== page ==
Courts in New York, North Carolina, and Virginia have ruled that, under applicable state law, ULC ministers are not authorized to solemnize marriages and a marriage at which a ULC minister officiated therefore is not valid. North Carolina law subsequently was amended to validate marriages performed by ministers of the Universal Life Church prior to July 3, 1981, and marriages solemnized by a ULC minister after that date are voidable, although equitable estoppel may prevent the parties themselves from challenging the marriage.
In New York a court ruling stated that it is a factual question whether the ULC is a "church" whose ministers have authority under New York law to solemnize a marriage; on remand, the plaintiff offered no evidence, and the New York Supreme Court, which in New York is a trial court, accepted the defendant's evidence that the ULC fits the statutory definition of a "church" and the parties' marriage, performed by one of its authorized ministers, was valid. However, that holding is not binding on other courts. A New York County trial judge stated in 2014 that marriages performed by ULC ministers in New York State are potentially invalid or at the very least in jeopardy.
Lower courts in Pennsylvania have split on the issue. A 2007 court decision affirmed that marriages performed by ULC ministers, including those ministers ordained online, are valid in Pennsylvania, although the ruling is only binding in Bucks County.In the opinion of the Tennessee Attorney General, persons ordained by the ULC are not qualified under Tennessee law to solemnize a marriage.
In Canada, ULC ministers are currently not authorized to solemnize marriage in any province or territory. In countries where ULC ministers have no authority to solemnize lawful marriage, ministers must meet other requirements which might include registering as a notary public, justice of the peace or marriage commissioner.
- "Contact Universal Life Church". Modesto, CA: Universal Life Church. Retrieved 28 January 2018.
- Hoesly, Dusty (2015-10-23). ""'Need a Minister? How About Your Brother?': The Universal Life Church between Religion and Non-Religion"". Secularism and Nonreligion. 4 (1). doi:10.5334/snr.be/. ISSN 2053-6712.
- Wolfson, Sam (2018-04-04). "The wedding singer: Adele and the rise of celebrity ministers". the Guardian. Retrieved 2018-09-16.
- "Couples Personalizing Role of Religion in Wedding Ceremonies". Retrieved 2018-09-16.
- Oswald v. Oswald, 2013 N.Y. Slip Op. 02811 (N.Y. App. Div. 2013); Ranieri v. Ranieri, 539 N.Y.S.2d 382 (N.Y. App. Div. 1989); State v. Lynch, 272 S.E.2d 349 (N.C. 1980); Cramer v. Commonwealth, 202 S.E.2d 911 (Va. 1974); Robert E. Rains, Marriage in the Time of Internet Ministers: I Now Pronounce You Married, But Who Am I To Do So?, 64 U. Miami L. Rev. 809, 830 - 34 (2010).
- Ashmore, Lewis (1977). The Modesto messiah: The famous mail-order minister. Universal Press. ISBN 0-918950-01-5.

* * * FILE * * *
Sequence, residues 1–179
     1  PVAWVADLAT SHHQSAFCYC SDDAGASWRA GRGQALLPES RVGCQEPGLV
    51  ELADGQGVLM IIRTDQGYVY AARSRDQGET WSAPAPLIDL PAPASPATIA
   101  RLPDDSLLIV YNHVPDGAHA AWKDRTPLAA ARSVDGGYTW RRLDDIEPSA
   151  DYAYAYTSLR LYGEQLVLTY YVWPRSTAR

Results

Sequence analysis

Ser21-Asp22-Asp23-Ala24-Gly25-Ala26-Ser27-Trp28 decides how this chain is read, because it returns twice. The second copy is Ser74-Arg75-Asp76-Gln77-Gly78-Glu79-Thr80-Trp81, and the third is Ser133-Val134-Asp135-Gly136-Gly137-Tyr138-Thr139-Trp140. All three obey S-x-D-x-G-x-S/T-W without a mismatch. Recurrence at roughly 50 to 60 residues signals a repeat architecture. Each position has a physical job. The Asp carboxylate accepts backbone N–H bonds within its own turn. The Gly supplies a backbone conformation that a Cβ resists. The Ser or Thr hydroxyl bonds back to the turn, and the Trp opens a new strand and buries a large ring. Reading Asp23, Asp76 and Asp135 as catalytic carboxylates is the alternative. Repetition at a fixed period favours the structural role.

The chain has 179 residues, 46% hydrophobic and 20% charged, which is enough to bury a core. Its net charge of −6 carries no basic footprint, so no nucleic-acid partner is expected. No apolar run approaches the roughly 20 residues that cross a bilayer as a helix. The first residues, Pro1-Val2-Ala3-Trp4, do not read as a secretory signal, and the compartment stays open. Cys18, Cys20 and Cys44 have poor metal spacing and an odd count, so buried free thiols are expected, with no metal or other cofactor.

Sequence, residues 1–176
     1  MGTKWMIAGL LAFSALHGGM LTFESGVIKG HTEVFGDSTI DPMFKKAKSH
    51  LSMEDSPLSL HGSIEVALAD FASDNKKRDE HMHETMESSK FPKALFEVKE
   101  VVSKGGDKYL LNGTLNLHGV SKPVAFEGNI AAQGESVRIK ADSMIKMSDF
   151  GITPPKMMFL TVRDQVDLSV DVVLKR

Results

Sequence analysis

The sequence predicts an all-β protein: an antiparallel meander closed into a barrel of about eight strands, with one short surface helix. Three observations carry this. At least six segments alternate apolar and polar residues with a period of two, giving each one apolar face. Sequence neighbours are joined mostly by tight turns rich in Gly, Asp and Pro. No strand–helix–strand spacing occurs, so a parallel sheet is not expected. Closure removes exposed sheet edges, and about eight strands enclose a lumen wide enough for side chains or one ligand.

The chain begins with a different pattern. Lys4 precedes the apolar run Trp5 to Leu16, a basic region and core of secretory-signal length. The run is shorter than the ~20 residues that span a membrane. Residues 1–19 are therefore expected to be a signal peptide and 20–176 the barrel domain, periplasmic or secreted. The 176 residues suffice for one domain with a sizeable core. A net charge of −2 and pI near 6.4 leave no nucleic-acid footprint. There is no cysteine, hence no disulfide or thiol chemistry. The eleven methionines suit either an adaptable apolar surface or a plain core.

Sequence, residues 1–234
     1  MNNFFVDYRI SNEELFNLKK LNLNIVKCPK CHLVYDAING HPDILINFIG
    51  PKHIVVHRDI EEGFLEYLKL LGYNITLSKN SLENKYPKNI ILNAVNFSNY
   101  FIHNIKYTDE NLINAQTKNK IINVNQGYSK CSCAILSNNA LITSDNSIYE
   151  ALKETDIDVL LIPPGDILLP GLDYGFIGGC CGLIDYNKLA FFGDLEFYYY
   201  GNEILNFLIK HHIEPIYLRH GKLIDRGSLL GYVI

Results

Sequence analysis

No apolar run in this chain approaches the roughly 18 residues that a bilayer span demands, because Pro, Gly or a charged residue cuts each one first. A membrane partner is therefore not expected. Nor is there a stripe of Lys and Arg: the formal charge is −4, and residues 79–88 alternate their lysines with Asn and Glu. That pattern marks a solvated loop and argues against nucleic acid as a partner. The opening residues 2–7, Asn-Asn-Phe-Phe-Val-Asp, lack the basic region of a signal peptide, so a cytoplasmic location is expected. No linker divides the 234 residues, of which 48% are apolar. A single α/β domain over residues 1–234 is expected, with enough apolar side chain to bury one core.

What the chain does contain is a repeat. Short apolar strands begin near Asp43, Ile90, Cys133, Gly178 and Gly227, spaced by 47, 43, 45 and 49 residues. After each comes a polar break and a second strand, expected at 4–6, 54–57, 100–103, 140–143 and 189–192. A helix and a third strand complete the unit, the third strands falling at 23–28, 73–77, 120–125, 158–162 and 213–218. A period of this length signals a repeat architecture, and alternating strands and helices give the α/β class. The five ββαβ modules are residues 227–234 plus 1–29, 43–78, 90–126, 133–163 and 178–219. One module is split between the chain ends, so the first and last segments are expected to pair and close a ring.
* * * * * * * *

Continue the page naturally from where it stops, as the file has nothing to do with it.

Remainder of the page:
- 1931-, Ashmore, Lewis, (1977). The Modesto messiah : the famous mail-order minister. Bakersfield, Calif.: Universal Press. ISBN 0918950015. OCLC 5551316.
- "Inside the Universal Life Church, the Internet's one true religion - The Kernel". The Kernel. 2014-12-14. Retrieved 2018-09-16.
- "Cramer v. Commonwealth". Justia Law. Retrieved 2018-09-16.
- "Universal Life Goes On". modbee. Retrieved 2018-09-16.
- Britto, Brittany. "The new normal: Friends, family presiding at weddings". baltimoresun.com. Retrieved 2018-10-28.
- In re Blackwell, 531 So. 2d 1193 (Miss. 1988).
- Center for Inquiry v. Marion Circuit Court Clerk, No. 12-3751 (7th Cir. July 14, 2014).
- [ttps://scholar.google.com/scholar_case?case=17066217380962386551 "UNIVERSAL LIFE CHURCH,v.The State of UTAH"]. 17 January 2002. Retrieved 11 November 2018.
- "Universal Life Church v. Utah, 189 F. Supp. 2d 1302 (D. Utah 2002)". Justia Law. Retrieved 2018-11-11.
- Rains, Robert E. (April 2010). "Marriage in the Time of Internet Ministers: I Now Pronounce You Married, But Who Am I to Do So?". University of Miami Law Review.
- Ranieri v. Ranieri, 539 N.Y.S.2d 382 (N.Y. App. Div. 1989); State v. Lynch, 272 S.E.2d 349 (N.C. 1980); Cramer v. Commonwealth, 202 S.E.2d 911 (Va. 1974).
- Chapter 51, N.C. Gen. Stat. Ann. § 51-1.1 (2007).
- Duncan v. Duncan, 754 S.E.2d 451 (N.C. Ct. App. 2014).
- Oswald v. Oswald, 2013 N.Y. Slip Op. 02811 (N.Y. App. Div. 2013).
- Oswald v. Oswald, RJI No. 57-1-2011-0389 (N.Y. Sup. Ct. June 9, 2016).
- Ponorovskaya v. Stecklow, 2014 NY Slip Op 24140 (N.Y. Sup. Ct. 2014).
- Robert E. Rains, Marriage in the Time of Internet Ministers: I Now Pronounce You Married, But Who Am I To Do So?, 64 U. Miami L. Rev. 809, 830 - 34 (2010).
- "TECH NEWS: Judge upholds marriage officiated by minister ordained..." Retrieved 2018-11-04.
- Tenn. Op. Att'y Gen. 15-14 (Feb. 6, 2015).
- "Wedding Laws By State". Universal Life Church Online. Retrieved January 10, 2018.
As of this writing, Canada, the United Kingdom and Australia do NOT permit ULC ministers to officiate legal marriage ceremonies.